EMTs literally have the power of life and death. Make a mistake and the patient could be kaput, or at least in worse shape. Since no one is perfect, acceptance of these possibilities is a fact of life. However, keep in mind that if you are unsure what to do, you can always call upon the expertise of partners on scene and hospital staff by radio or cell phone. You don't work alone.
As an EMT, you also control the scene once you get there. The patient, friends and families, police, fire fighters, bystanders, and anyone else around will be expecting you to organize the scene and give instructions. For example, you might need family members or bystanders to help move a patient. You may need someone to calm the patient or a hysterical family member. You could ask a police officer to bring equipment from the rig. Even if a physician or nurse happens by the scene, chances are they will stand back and let you do your thing. You are large and in charge.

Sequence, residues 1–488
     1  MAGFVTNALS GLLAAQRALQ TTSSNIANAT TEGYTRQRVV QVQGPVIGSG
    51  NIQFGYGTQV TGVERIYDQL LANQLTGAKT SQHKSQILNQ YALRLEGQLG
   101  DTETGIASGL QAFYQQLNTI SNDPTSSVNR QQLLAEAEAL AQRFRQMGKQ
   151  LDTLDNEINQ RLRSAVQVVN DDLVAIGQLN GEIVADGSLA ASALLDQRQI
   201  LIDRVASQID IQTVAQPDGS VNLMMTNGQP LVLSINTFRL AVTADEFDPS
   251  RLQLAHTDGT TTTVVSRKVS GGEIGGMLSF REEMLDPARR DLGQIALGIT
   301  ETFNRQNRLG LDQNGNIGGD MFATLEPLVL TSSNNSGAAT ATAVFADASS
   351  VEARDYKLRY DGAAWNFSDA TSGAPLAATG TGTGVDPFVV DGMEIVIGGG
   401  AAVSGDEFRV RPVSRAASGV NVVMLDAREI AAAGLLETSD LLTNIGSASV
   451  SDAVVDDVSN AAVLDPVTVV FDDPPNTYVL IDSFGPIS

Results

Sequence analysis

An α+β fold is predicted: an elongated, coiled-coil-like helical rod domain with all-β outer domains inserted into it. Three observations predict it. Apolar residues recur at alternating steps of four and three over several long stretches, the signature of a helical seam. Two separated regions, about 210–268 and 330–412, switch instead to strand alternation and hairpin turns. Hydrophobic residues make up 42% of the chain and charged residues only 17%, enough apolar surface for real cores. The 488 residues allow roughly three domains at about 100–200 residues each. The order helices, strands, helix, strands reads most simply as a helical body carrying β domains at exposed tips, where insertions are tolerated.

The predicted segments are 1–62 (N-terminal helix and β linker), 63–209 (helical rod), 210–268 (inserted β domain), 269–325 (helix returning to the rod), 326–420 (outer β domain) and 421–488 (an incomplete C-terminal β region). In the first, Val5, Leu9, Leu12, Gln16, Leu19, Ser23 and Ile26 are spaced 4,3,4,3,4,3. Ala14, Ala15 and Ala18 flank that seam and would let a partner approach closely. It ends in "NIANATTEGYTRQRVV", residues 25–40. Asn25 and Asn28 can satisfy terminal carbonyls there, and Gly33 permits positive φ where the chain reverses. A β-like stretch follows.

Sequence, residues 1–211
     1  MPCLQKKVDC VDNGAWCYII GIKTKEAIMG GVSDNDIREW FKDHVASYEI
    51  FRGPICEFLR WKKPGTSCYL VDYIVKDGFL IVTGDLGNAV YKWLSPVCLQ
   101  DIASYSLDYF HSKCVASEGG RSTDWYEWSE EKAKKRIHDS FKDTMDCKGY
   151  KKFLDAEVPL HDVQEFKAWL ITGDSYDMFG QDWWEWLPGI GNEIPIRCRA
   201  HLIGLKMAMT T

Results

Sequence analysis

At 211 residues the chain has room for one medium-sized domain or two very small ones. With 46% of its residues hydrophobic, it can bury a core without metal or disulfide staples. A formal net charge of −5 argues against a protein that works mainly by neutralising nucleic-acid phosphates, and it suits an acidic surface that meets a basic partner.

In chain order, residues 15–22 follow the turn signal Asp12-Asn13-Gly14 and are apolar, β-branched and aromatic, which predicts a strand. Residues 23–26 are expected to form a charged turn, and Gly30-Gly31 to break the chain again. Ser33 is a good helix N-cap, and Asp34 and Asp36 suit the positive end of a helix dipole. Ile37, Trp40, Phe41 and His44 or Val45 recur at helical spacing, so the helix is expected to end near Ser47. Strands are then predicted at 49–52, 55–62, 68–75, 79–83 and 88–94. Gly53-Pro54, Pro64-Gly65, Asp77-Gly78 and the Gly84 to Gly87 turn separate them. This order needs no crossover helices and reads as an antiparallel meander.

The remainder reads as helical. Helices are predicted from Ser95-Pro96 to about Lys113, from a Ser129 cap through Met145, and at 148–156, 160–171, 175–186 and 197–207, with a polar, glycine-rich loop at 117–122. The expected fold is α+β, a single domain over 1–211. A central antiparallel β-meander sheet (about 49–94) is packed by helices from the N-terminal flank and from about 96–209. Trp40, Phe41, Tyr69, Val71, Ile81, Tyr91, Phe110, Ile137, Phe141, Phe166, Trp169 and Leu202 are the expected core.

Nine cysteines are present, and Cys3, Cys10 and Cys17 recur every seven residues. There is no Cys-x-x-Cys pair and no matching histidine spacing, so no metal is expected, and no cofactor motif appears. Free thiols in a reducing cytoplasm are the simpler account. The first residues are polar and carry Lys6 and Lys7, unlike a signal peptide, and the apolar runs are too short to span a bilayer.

Your power is connected to your skill level. Intermediate EMTs get to boss around basics, and paramedics hold sway over both basics and intermediates. So the more you know, the more power you will have.
Experienced EMTs will be expected to help supervise newer EMTs. This task means molding a newbie into an effective team member. So you have to be able to critique a new partner without turning him/her off.